Sharks fill goaltending need
San Jose Sharks get: G Alexandar Georgiev
New York Rangers get: RW Kevin Labanc
Who doesn’t love a good ol’ fashioned one-for-one “hockey trade?” It either fills a need or alleviates a potential headache for both teams. Both players here are 24, and both are up for new contracts that’ll represent notable pay hikes from their current deals. The added benefit of making the move now as opposed to waiting until the summer is that it gives each organization a chance to bring the player in, evaluate him more closely and figure out how they fit into their future plans.
Assuming the Rangers cash in on some combination of Kreider, Ryan Strome, and Jesper Fast at the deadline, there will be a natural opening in their top-six into which Labanc slides. It also clears room for them to play Igor Shesterkin, since Henrik Lundqvist isn’t going anywhere between now and the end of next season. From San Jose’s perspective, it once again has the league’s worst save percentage and needs to do something to ensure that this catastrophic season was a blip on the radar and not the start of a total rebuild. Georgiev is used to playing behind a porous defense that surrenders a high volume of quality looks and has kept his head above water — unlike the Sharks goalies in similar circumstances. At his age and presumably cost-controlled next contract, he also provides San Jose with the type of high-upside alternative that they need, considering the sunk cost they’ve already invested in Martin Jones. — Dimitri Filipovic, hockey analytics writer
Kovalchuk heads to a contender
Colorado Avalanche get: LW Ilya Kovalchuk
Montreal Canadiens get: 2020 fourth-round pick
This season’s greatest comeback story fully deserves the added drama of a lengthy postseason run. While the top pre-trade deadline priority (mine, anyway) is Kovalchuk joining any legit playoff contender, I’d admittedly like to see if/how he fits on Nazem Kadri‘s wing and the Avalanche’s second power-play unit. The 36-year-old might provide that bit of extra boost needed in pushing the club over the summit.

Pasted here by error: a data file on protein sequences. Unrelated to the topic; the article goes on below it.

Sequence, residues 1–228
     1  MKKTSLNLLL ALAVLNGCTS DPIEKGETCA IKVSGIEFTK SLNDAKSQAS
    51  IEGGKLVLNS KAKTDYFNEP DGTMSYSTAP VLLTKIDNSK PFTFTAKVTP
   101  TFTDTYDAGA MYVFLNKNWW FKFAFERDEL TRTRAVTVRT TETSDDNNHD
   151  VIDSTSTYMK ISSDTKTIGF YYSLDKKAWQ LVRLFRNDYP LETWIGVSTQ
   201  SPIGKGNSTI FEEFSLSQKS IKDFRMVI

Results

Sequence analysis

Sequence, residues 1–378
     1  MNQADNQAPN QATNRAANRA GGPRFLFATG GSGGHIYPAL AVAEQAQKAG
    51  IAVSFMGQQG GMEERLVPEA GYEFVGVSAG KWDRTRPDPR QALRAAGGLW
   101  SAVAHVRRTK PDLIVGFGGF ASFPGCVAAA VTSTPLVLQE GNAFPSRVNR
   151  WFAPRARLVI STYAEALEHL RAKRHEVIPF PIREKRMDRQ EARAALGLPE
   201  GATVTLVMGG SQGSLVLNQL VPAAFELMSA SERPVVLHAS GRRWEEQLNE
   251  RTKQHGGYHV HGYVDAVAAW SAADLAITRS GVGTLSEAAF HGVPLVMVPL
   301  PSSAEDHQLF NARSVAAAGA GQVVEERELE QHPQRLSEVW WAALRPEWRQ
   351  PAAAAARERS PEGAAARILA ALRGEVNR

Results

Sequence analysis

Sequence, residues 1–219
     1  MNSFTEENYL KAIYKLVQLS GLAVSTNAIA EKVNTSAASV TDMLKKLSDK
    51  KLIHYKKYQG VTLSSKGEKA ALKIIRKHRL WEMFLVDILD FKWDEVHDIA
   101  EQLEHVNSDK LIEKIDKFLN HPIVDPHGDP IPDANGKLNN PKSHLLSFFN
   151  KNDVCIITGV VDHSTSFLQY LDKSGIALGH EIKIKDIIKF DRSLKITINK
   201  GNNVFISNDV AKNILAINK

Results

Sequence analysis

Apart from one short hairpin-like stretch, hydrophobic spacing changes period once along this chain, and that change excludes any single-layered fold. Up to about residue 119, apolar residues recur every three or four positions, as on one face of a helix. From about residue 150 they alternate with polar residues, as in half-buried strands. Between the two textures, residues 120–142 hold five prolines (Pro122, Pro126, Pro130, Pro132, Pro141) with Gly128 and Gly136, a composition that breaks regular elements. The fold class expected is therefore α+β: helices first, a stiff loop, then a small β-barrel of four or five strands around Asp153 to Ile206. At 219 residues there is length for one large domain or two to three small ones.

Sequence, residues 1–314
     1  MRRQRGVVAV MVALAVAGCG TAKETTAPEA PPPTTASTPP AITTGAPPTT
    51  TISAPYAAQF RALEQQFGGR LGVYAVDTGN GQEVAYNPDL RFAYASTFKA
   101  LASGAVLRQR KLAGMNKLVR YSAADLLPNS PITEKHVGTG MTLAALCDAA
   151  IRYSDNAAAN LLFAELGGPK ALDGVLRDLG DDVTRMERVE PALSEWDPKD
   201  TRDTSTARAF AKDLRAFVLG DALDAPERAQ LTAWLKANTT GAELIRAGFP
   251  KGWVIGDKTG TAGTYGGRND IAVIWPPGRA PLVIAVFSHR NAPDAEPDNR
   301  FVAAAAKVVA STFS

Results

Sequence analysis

In return, the Canadiens get a bonus draft pick for taking an exceptionally cost-effective, essentially risk-free chance on a formerly accused washed-up/has-been who’s turned out to be a great fit in their lineup and dressing room. Who knew? Then, not long after Colorado hoists the Cup — Kovalchuk’s first — Montreal can re-sign the (swiftly) cherished veteran for a potential push next season. Everybody wins! — Victoria Matiash, fantasy hockey analyst
Stars pad their offense
Dallas Stars get: C Blake Coleman, 2020 fifth-round pick
New Jersey Devils get: 2021 third-round pick, RW Joel L’Esperance, G Colton Point
The Stars are currently sitting in second place in the Central Division, but this isn’t your Dallas team of a few years ago. No, this team rides and dies with its defense and the Vezina Trophy-caliber goaltending of Ben Bishop, not offensive prowess. In fact, the Stars’ 2.64 goals per game ranks No. 26 in the NHL, and no player has more than 15 goals. Coleman isn’t going to win the Rocket Richard or anything, but his 19 goals (and 41 over the past two seasons) would certainly help the scoring depth without breaking the bank.
The 28-year-old isn’t worth a high pick, but with another season and a half under contract at just $1.8 million against the cap, he nets the Devils a third-round pick and some for their continued rebuild. L’Esperance (ranked as the Stars’ No. 8 prospect in the preseason by our own Chris Peters) offers New Jersey’s system another asset, and Point is a high-end goalie prospect for a team that really needs help there. Dallas wouldn’t want to give up Jake Oettinger, especially with Bishop now 33 years old, but Point is expendable, has upside and checks a box for the Devils. — Ben Arledge, NHL editor